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User comments for Leroy

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I once saw in a name dictionary that the current meaning of the name, which means "the king", is the meaning of the name in today's modern French, but that the original meaning of the name from the ancient Old French actually means, "the servant of a King, or anotherwards, of God".
-- Anonymous User  2/5/2006
Leroy Anderson bears this name. One of the greatest composers of the twentieth century.
-- rosco kid  4/13/2006
Bluegrass singer Leroy Mack bears this name.
-- smartblonde  7/5/2006
Leroy Jethro Gibbs (most often known by his middle name or surname only) is the leader of the team on NCIS. The character is portrayed by Mark Harmon.
-- Firestorm  7/28/2007
Leroy. Heh heh. I'm surprised no one else noted this, but Leroy is the name of the title character in 'Leroy and Stitch', the final installment in the 'Lilo and Stitch' movie/cartoon series. It makes sense, now that I'm thinking about it, 'King'.
-- Ayla  7/22/2008
Every time I hear this I think "Leeroy Jenkins!" It's an internet phenomenon spread from the über nerdy online game World of Warcraft. A player charged into a high-level dungeon with a distinctive cry of "Leeeeeeeerooooy. Jeeenkins!", ruining the meticulous attack plans of his group and getting them all killed. There are an insane amount of parodies and videos of Leeroy Jenkins' Light Brigade style charge on Youtube. http://en.wikipedia.org/wiki/Leeroy_Jenkins
-- Anonymous User  2/22/2009
I also only think of Leroy Jenkins, when I hear this name.
-- ema_kala  3/30/2009
I associate this name with black Americans.
-- Anton  3/12/2010
I don't like it very much, but Leroy reminds of Leroy Jethro Gibbs of NCIS, who I think is a very nice character.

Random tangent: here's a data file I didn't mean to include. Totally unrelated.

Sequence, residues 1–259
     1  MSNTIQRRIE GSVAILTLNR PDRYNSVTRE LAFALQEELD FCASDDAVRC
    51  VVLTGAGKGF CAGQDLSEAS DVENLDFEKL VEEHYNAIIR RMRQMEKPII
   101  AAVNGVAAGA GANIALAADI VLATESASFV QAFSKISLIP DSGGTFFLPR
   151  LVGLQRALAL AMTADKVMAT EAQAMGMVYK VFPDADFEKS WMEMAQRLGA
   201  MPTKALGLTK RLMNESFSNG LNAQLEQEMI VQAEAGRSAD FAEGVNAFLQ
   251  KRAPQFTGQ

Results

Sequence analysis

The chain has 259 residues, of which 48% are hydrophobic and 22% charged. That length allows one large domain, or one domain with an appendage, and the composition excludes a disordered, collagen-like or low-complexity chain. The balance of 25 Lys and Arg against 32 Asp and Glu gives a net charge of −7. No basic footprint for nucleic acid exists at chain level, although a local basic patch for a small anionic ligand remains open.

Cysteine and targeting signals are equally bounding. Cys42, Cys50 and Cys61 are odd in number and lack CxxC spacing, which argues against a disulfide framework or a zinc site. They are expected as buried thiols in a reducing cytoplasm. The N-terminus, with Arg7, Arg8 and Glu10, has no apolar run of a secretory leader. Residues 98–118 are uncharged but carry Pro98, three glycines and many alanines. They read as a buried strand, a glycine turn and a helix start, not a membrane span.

-- Anonymous User  9/7/2010
This name makes me giggle. Such a regal meaning in such a harsh-sounding (and silly) name.
-- gaelruadh19  1/14/2011
I like the name because of Jim Croce's "Bad Bad Leroy Brown". It's a name that brings good memories of when I listened to Jim Croce music when I was young.
-- ninjato  6/28/2011
I feel like it should be spelled Leeroy. I dislike the capitalization of letters within names (as in LeRoy) but at the same time it looks grammatically incorrect without the capital R. This was my great-uncle's name. Nowadays you don't hear it, and if you do, it seems to have an urban connotation. I'd like to see it rise in popularity again for the fact that it sounds cute and a guy has the option of going by either Lee or Roy if he dislikes both names together.
-- codenameflame  2/28/2012
My grandfathers middle name (Harry Leroy)
Lee is definitely a family name as a diminutive of Leroy.

So, soft spot for Leroy

Leroy is NOT a black name, to the one who said that. My grandfather had this name as his middle name and was white. I can definitely see the name being used on an older Caucasian male. Also blacks as well, or any race for that matter.
-- Anonymous User  9/5/2014
My name is Leroy. I'm a black American born in 1959 and was named after my father, who was born in 1933, when Leroy was at the height of its popularity in the U.S. I was his firstborn. So my family ended up calling me "Lee" to distinguish me from Dad.

I endured my fair share of ribbing over my name. The earliest was at age 6, when a schoolmate said to me, "Hey Leroy, you're mama's calling you!" I was like, what? It was the first time of many I would hear that as a kid. I learned years later it was the title of a Spanish-tinged '60s song by Jimmy Castor, who would go on to become famous in the '70s for the funky "Bertha Butt Boogie." I didn't actually listen to "Hey, Leroy..." until my 40s through the magic of YouTube. The song actually sounds good.

Then there were other jokes. Jim Croce's "Bad Bad Leroy Brown;" "Leroy boy is that you.." from Todd Rundgren's "We Gotta Get You a Woman"; the late comedian Flip Wilson's "Reverend Leroy" of the "Church of What's Happening Now" - you get my drift. Kids also called me "Elroy" (as in Elroy Jetson) and "Kilroy" (as in Kilroy was here, the WWII-era expression popular with GIs.)

For those reasons, I decided early on there wouldn't be a Leroy III. I joke that the name Leroy screams "Black American born before 1960." I could legally change it, but why bother; way too many records exist out there with my current name that would need to be changed. As a black American carrying a European name, I hope one day to learn what tribe in West Africa I'm truly descended from so that I can at least take some variation of the meaning of Leroy (The King) in that tribe's language and informally add it to my current name. Peace.
-- leroydubya  8/21/2015
Nickname? "The king" is its literal translation.
-- Sabertooth  10/4/2015

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